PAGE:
The technological “Eldorado” promised by the cloud is turning into a pitfall-strewn labyrinth for many companies. However, lured by the promise of a more flexible environment and greater availability, we have all decided to head down that road. And there is no turning back now.
According to the International Data Corporation (IDC), in 2021 only 50% of the current physical infrastructures will remain, while the other 50% will be divided equally between the private cloud and the public cloud. What conclusions can we draw from this data?
First of all, while at first glance it may look like a migration of services, we are actually seeing companies growing in the cloud. In other words, new services are being hatched natively in this environment.
Second, hybrid environments will continue to exist for at least another decade.
Third, we are not only witnessing a migration to the cloud, as some services that were hatched in the cloud are migrating to on-premise environments. This happens when a service is highly successful and the costs of keeping it in the cloud are greater than having it on-premise.
This is what is creating the following scenario. Companies see the cloud as a tool, not a definitive technological step, and it is taken for granted that they will have to live together in hybrid two-way environments (at least in the next decade). What’s more, while there is no denying its usefulness due to its growth-supporting capabilities and flexibility, it also implies a certain level of complexity in terms of administration and security policies.
Until now, the architectures were protected with a physical security perimeter that clearly differentiated the internal user from the public user. With the cloud, there are no longer any secure or insecure areas: we are all on the same perimeter. This means that we are faced with a double challenge, on the one hand, secure administration of the environment and, on the other, access control, i.e. “human error” is now the greatest vulnerability of our architecture.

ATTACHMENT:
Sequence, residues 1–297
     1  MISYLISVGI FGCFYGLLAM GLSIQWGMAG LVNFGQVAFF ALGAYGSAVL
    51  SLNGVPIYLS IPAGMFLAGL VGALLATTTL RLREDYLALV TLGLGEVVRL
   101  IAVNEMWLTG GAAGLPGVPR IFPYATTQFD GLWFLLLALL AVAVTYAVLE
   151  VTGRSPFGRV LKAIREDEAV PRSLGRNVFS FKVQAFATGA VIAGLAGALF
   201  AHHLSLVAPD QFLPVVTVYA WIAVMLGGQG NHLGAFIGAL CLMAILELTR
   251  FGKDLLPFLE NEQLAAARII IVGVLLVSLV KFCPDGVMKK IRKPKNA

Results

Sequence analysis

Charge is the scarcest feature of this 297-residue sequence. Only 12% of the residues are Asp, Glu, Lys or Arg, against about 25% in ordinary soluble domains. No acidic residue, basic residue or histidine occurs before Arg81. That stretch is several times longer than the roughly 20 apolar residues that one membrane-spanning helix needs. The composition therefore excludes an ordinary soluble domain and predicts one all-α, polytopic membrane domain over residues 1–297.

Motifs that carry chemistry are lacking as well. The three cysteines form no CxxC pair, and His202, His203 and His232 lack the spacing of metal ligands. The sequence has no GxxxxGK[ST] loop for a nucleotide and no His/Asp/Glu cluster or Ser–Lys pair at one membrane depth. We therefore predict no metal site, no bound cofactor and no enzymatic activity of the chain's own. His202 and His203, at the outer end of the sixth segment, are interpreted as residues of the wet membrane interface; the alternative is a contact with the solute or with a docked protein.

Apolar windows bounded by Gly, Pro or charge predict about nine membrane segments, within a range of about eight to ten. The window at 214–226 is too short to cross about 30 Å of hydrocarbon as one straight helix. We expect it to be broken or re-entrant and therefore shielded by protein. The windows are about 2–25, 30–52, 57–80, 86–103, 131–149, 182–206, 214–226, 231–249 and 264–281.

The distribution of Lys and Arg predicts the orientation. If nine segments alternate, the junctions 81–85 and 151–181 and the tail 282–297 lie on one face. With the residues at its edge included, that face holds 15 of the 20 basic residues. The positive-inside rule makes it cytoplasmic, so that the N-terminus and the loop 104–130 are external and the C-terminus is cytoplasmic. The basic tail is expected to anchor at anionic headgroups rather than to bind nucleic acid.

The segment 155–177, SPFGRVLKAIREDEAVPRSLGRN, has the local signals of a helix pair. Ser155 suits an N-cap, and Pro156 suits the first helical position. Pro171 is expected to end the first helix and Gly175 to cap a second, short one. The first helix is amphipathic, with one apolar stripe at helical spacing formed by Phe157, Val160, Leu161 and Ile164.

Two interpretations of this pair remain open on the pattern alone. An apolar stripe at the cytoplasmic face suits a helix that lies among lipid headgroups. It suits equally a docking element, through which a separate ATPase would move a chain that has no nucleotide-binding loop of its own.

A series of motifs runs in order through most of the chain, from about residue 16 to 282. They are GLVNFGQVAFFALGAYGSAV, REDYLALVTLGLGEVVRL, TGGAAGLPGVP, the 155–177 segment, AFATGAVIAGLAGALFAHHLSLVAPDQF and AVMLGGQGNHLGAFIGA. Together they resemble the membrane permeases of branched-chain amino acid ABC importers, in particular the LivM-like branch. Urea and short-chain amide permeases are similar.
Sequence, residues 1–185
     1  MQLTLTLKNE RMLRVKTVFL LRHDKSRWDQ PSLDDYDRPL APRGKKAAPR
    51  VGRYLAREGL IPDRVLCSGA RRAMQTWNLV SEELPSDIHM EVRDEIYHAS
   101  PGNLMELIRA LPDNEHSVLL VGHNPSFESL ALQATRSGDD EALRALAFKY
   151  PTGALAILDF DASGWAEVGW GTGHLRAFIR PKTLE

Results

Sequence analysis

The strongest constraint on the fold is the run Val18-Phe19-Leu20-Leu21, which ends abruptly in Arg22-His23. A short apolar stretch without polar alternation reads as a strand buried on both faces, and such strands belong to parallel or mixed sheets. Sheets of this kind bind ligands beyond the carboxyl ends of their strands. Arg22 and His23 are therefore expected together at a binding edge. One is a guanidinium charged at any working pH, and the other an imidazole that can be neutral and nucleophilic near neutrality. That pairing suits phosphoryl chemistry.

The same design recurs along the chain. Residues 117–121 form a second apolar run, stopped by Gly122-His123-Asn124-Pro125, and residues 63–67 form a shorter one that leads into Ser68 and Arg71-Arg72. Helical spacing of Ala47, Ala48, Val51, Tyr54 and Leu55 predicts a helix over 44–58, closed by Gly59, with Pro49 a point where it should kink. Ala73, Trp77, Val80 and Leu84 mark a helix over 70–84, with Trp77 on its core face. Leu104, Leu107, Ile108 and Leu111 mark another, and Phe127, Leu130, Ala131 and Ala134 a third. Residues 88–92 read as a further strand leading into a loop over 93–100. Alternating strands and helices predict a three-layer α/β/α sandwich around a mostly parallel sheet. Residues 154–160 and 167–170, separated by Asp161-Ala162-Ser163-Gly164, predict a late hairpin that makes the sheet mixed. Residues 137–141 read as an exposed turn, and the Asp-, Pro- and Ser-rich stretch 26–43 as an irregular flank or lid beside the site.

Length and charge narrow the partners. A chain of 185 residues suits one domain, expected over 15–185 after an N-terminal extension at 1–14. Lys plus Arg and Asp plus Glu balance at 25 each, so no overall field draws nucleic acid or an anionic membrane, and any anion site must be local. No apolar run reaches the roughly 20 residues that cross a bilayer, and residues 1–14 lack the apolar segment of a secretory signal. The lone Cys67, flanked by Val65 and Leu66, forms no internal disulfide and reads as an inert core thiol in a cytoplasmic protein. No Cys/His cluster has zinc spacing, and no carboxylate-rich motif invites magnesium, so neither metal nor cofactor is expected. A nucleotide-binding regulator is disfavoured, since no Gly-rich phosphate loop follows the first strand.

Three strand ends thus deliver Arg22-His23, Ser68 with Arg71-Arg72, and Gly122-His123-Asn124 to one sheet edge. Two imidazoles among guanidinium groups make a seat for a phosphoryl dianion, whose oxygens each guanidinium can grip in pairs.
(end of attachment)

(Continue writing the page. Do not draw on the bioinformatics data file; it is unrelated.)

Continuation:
What is the First Step Towards Cloud Migration?
Although it should always have been the case, it is only now that the design of the solutions is coming into its own. This makes the containers the perfect tool to create much more limited technological “microenvironments”, which allow the creation and destruction of complete architectures in a few steps.
What Tools are Technology Manufacturers Proposing in Support of This Process?
One of the big changes that will occur in companies that offer technology products (whether hardware, software or both) is the form of licensing. It requires a flexible pay-per-use system, or fractioned payment, which makes it possible to move our product autonomously between different environments without higher charges for our customers. Of course, these licensing systems do not only concern the software, they must also cover the hardware.
Security IN the Cloud? Or Security OF the Cloud?
The cloud that we have described above is a relatively complex scenario, riddled with challenges, especially when it comes to security. But we must not forget that the cloud also provides us with a fantastic “umbrella” against new types of attacks thanks to AI (artificial intelligence).
The technological muscle of the cloud offers two fundamental advantages: enormous computing capabilities, as well as instant access to hundreds of known attack databases and zero-day threats. These two attributes are changing the security model, as we now have much more effective measures against attacks that a few years ago were almost unstoppable (botnets, Ransomware, DDoS, etc.).
How Should We Prepare for This Migration?
We, the companies that offer technology solutions, must take on board the fact that customers face two problems. On the one hand, there is the classic problem involved in any technology migration, but there is also a new stumbling block: calculating the costs of moving to the cloud, as well as the costs of returning from the cloud. This is the point that tends to be overlooked in all projects.
Who is Set to Gain from These Changes?
Without a doubt, the customer. Companies will be able to offer much more ambitious SLAs, as well as more robust and accessible services.
And the Next Step?
New communications protocols such as 5G (or the highly anticipated IPv6) will offer greater granularity of communications, allowing much more dedicated services. We also have the “blockchain”, a data structure taking the issues of encryption, visibility, trust, etc. to an incredible new level. Two new players in the game whose solutions will be as significant as the challenges they bring to the table.
Far from complaining about it, we, for one, are getting ready to party.
Note: This was originally published on ISMS Forum.